House debates

Thursday, 2 September 2021


Sex Discrimination and Fair Work (Respect at Work) Amendment Bill 2021; Second Reading

10:30 am

Photo of Katie AllenKatie Allen (Higgins, Liberal Party) Share this | Hansard source

I rise in support of the Sex Discrimination and Fair Work (Respect at Work) Amendment Bill 2021. This bill acts to strengthen and streamline the national legal frameworks that deal with sexual harassment. This bill is about ensuring safe and respectful relationships in the workforce. This bill builds on work commenced by my predecessor in the seat of Higgins, the Hon. Kelly O'Dwyer, who, as Minister for Women, commissioned the Respect@Work report in 2018. I would like to thank and acknowledge the Sex Discrimination Commissioner, Kate Jenkins, and her team for the wonderful work they have undertaken and which forms a significant basis for the legislative reforms being debated today.

This bill is just one of the many steps on the road to equality for women, a road that seeks to ensure justice and equality for women not just in this place but in every workplace, not just for the women of today but for the women of tomorrow. It's a journey that we as women have been on since the dawn of time. It's a journey that has made great strides in some countries, like Australia, but it's been a journey with many roadblocks and frustrations. It's a journey peopled with champions from all political persuasions and backgrounds. But, sadly, this journey is lagging in other countries, as we've seen all too starkly in images relayed to us following events in Afghanistan in the last two weeks.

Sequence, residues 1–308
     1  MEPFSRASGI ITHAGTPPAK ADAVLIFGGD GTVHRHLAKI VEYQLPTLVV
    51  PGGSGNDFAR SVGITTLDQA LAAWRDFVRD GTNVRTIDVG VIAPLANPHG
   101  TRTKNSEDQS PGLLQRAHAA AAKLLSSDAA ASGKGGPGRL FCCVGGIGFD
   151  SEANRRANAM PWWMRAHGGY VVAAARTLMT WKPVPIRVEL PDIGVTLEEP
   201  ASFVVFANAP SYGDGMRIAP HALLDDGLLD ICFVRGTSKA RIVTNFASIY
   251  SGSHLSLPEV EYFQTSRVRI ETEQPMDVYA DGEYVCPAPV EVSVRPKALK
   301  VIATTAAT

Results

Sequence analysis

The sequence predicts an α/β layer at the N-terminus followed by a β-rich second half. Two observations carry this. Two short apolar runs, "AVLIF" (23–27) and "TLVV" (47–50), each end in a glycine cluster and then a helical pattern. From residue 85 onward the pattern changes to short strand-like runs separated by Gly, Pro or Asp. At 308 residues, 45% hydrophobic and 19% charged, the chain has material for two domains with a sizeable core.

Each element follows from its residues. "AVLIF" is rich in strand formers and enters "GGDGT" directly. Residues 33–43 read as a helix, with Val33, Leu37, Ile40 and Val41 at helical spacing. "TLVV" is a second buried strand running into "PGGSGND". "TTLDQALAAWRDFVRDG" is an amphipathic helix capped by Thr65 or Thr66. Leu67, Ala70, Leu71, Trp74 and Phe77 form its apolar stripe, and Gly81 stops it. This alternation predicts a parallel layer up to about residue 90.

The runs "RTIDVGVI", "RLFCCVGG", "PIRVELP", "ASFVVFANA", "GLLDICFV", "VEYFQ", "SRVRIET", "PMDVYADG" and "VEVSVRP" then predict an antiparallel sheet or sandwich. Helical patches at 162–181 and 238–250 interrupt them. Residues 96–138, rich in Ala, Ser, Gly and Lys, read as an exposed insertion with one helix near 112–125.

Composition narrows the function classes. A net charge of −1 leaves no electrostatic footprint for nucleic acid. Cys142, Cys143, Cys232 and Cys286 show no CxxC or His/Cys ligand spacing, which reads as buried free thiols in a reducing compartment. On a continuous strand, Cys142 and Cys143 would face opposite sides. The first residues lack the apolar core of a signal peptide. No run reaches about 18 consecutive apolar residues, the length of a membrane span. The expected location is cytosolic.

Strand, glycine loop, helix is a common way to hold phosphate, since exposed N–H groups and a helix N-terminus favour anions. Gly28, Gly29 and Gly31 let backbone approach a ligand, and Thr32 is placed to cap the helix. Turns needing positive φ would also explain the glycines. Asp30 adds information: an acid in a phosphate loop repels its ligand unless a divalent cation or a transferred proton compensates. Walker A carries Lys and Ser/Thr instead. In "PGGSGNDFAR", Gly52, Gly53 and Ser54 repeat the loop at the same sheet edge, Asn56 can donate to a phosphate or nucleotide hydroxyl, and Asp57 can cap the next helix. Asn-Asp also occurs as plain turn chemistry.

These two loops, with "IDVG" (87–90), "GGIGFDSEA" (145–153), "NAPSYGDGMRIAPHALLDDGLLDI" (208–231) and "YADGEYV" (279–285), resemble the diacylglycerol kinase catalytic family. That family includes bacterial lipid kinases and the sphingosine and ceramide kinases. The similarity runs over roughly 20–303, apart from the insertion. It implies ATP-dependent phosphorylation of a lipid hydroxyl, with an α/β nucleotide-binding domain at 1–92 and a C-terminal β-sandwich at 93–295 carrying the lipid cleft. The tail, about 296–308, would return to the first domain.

The bill debated here today forms part of a long-term strategy for preventing and addressing sexual harassment, outlined in A roadmap for respect: preventing and addressing sexual harassment in Australian workplaces. The bill makes important changes to the Sex Discrimination Act 1984, the Australian Human Rights Commission Act 1986 and the Fair Work Act 2009 to ensure Australia's legal frameworks are effective in preventing and responding to sexual harassment. Let me be clear: this is one of the steps on a long and necessary journey of reform, reform that had already commenced but that has only now been hastened by the sad and disturbing event that occurred in this very building early in the year before last.

The changes made by the bill give effect to a number of different recommendations of the Respect@Work report. These include clarifying that the Sex Discrimination Act covers judges, members of parliament and ministerial staff. The bill also removes an existing exemption to ensure that state and territory public servants are covered by the Sex Discrimination Act. It also ensures all paid and unpaid workers, including volunteers and interns, are protected from sexual harassment under the act by expanding the coverage of protection from workplace sexual harassment under the Sex Discrimination Act to include the broader concepts of 'worker' and 'persons conducting a business or undertaking', as defined under the Work Health and Safety Act.

Madam Deputy Speaker, it is quite hard to hear myself talk, and this is quite an important issue; I would ask that members in the House could perhaps keep it down a bit.


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